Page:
“…I sort of thought it looks like an image that could end up on an embroidered pillow or something in a Lancaster knick-knack shop.”
Yes, it very well could. But Erk, Isn’t that the sort of thing we want to discourage? 🙂
Took a little trip this past Friday – and to borrow from a well known TV commercial –
1 oak bentback rocker $100
2 hand loomed rugs $24
1 dozen peanut butter & 1 dozen snickerdoodle cookies $8
Assorted produce $12
The oppurtunity to do commerce with and chat a spell with some nice, good, down to earth people… PRICELESS!
Leave the tourist traps to the tourists and the backroads to me…and my wallet! 🙂
I like the effect, Erik. Certainly an effective way to turn an otherwise blurry photo into something decent. The biggest value of digital photography is being able to take enough pix to assure something usable, obviously easier on a still subject tho. I took 78 shots of “Gideon Stoltzfus” to make sure I was covered. Erik knows this, but I just did a dress-up presentation on the Amish.
As far as real Amish pix, I’ve not experienced any hostility in Lancaster, even on the closer group shots I took of cornerball. Certainly I believe in being inconspicuous. I expect the Amish in the touristy areas are more tolerant – I would take pix in Lancaster I would never think of taking in New Wilmington.
I’d add anywhere there is an Amish settlement you will find “tourist trap” type places. It’s just that Lancaster County is to “Amish” what “Niagara Falls” is to waterfalls.
Rick, I think you could “inconspicuosly” get away with more than you think in NW, at least at public gatherings like the auctions.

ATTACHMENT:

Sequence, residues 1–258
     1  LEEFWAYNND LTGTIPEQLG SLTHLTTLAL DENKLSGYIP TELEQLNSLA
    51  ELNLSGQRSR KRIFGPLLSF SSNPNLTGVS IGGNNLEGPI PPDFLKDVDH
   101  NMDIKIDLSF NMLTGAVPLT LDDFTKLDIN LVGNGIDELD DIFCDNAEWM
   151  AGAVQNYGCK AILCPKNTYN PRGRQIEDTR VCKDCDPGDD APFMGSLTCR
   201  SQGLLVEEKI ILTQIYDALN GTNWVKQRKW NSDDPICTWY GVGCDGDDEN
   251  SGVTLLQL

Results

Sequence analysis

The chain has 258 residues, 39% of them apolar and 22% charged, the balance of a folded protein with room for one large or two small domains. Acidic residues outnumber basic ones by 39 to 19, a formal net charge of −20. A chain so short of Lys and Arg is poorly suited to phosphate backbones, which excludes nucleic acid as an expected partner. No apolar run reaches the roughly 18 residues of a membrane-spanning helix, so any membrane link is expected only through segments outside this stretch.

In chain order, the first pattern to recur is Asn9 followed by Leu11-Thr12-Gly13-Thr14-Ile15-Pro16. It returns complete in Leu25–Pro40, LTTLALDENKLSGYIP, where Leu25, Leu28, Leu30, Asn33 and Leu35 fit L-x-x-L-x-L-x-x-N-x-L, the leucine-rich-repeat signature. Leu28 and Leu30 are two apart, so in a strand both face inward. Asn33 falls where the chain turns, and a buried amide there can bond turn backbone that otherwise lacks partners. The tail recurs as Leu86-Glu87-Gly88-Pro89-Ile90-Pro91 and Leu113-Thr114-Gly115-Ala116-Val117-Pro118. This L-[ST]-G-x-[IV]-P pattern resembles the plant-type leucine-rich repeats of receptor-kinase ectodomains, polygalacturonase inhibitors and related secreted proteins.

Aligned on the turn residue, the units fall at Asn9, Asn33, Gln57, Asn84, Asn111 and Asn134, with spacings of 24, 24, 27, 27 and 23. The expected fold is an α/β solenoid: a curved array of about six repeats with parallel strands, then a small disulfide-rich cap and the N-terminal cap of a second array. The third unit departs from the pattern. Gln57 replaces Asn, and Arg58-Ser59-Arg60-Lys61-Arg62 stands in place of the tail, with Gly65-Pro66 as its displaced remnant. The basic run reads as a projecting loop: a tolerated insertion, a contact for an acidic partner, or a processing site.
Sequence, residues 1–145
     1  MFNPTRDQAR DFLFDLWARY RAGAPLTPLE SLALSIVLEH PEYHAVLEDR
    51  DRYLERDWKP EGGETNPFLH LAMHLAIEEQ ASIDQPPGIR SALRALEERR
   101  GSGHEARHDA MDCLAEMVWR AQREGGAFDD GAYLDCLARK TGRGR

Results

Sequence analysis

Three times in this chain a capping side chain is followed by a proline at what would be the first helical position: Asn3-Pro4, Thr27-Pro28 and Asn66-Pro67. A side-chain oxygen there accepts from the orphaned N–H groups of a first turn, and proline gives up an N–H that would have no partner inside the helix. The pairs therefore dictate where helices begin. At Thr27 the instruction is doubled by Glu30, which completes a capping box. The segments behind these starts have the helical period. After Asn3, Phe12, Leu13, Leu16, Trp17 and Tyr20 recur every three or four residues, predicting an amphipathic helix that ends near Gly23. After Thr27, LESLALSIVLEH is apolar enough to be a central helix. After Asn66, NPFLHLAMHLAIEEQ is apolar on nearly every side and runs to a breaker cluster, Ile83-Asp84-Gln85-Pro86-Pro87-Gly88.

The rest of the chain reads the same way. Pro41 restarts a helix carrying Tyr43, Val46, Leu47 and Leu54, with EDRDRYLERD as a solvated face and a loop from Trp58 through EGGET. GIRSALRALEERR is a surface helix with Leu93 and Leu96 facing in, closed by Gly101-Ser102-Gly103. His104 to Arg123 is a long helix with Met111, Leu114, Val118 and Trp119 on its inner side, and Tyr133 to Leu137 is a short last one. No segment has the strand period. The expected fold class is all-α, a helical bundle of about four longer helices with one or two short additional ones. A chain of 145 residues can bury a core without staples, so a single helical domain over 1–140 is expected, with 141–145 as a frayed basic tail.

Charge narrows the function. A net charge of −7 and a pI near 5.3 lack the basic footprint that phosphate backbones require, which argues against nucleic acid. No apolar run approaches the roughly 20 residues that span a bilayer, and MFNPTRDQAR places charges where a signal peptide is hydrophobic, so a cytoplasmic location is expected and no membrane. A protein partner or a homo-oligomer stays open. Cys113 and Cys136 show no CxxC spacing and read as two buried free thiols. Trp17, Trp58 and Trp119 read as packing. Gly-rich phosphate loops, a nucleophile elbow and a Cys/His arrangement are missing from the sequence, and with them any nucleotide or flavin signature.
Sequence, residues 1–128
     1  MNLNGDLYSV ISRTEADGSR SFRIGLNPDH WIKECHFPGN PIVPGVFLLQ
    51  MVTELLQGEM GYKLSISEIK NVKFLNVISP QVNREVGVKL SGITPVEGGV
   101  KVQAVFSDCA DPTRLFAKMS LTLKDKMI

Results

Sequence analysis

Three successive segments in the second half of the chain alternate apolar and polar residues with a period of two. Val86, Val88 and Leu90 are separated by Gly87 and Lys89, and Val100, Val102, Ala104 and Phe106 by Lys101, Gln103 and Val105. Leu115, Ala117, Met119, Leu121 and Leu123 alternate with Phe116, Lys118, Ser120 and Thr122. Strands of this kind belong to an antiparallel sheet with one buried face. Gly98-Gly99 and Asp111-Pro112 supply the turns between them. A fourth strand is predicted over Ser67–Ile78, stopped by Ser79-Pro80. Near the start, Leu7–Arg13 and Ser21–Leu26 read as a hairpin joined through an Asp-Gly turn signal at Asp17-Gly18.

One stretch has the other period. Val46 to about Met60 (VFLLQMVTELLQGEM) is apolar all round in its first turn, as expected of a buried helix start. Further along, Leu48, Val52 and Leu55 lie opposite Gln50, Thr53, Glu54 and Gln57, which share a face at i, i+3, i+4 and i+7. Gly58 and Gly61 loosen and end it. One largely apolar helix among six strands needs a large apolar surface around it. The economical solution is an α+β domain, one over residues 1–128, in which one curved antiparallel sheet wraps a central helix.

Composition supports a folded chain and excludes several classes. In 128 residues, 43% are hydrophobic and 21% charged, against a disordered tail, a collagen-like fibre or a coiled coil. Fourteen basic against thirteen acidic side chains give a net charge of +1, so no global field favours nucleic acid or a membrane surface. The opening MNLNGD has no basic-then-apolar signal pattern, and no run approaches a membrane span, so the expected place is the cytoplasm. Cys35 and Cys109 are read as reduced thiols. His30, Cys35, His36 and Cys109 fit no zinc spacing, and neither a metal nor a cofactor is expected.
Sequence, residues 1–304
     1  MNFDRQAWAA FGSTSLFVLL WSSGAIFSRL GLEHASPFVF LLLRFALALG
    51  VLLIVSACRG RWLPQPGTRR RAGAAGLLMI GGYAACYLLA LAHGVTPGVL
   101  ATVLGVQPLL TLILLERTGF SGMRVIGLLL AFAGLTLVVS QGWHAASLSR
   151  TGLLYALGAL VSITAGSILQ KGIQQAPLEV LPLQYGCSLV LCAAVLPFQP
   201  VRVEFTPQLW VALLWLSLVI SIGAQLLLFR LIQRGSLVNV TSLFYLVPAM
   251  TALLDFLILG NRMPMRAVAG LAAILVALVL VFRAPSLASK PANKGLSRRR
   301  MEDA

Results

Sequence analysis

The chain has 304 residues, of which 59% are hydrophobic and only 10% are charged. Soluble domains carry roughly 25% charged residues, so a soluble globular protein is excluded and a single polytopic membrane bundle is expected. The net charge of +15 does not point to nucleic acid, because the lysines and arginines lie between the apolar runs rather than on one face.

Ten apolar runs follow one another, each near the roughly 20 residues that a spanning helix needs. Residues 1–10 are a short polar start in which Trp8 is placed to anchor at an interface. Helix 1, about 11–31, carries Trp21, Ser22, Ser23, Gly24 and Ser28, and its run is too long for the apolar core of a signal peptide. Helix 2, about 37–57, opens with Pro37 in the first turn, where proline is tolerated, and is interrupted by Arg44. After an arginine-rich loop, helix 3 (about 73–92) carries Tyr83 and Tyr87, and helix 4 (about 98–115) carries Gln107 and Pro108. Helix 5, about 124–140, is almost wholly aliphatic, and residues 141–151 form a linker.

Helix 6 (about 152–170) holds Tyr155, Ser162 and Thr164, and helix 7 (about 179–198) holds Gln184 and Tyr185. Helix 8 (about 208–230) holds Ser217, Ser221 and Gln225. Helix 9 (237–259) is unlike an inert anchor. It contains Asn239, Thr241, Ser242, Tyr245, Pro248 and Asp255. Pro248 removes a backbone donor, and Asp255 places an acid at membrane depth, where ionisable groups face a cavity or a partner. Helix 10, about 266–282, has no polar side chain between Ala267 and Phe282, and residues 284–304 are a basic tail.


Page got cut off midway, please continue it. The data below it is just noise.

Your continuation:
Forgive my misplaced qoutation marks in my post above. 🙂 I received a phone call while typing that and wasn’t paying close enough attention.
I have been a few times to Kalona and now Jamesport, MO. I really try to avoid people, but will take a pic of a parked buggy and whatnot. I would not want people to take pictures of me, but I am sure they do based on how our family dresses. I did take a far off pic of school children, but it came out horrid and I felt so guilty.
Hey Bill-point taken!! I guess I am just fairly amazed at what you can do with some of these photo-edit programs. I usually post only unretouched photos but can be fun to play around with some of the effects in terms of the lighting, sharpness, etc.
And I can vouch for Rick–he was spot on as Gideon–I’ve seen the proof!
Kim I think I know what you mean. I typically try to stick to further-off photos of farms and buggies and so on, and in the occasional case of people, I try to do photos where faces aren’t distinguishable.
I maybe ought to clarify sth in the post–I admit to ‘poaching’, but also would add that I of course ask permission for example when photoing some of the interior barn shots, and if I sense someone is unwilling of course do not. I’ve never taken photos of someone’s house interior and don’t know if I’d be comfortable asking, so probably wouldn’t, even with friends I know well.
It is interesting in that I am thinking of two friends that live close to one another–one practically encouraged his unbaptized kids to get in some shots I took in his barn, while the other family was more conservative in their attitude to photos. Attitudes vary.
All kidding aside, I do like the shot. The tree, blue skies, puffy clouds, green fields contrasting with the plowed fields, the cow in the forefront and the horse and buggy in the distance, both in the same direction…good stuff!
The wheat is cut and in shocks in NW. The wheat fields and the green fields would make for a really good photo, but I had no camera, and I’d have probably blown it anyway. 🙂
Hey thanks Bill–I am a hobby photographer and won’t ever make claims to doing pro work…digital cameras with their unlimited shot-taking have magically bestowed upon me the ability to occasionally come up with a half-decent photo.
(Only saying this as the experience a former Amish)
I have met very few Amish that don’t enjoy seeing a picture of themselves in a newspaper or elsewhere. When asked permission most will deny but secretly hope there will be some poached pictures.
Communities do vary in this aspect.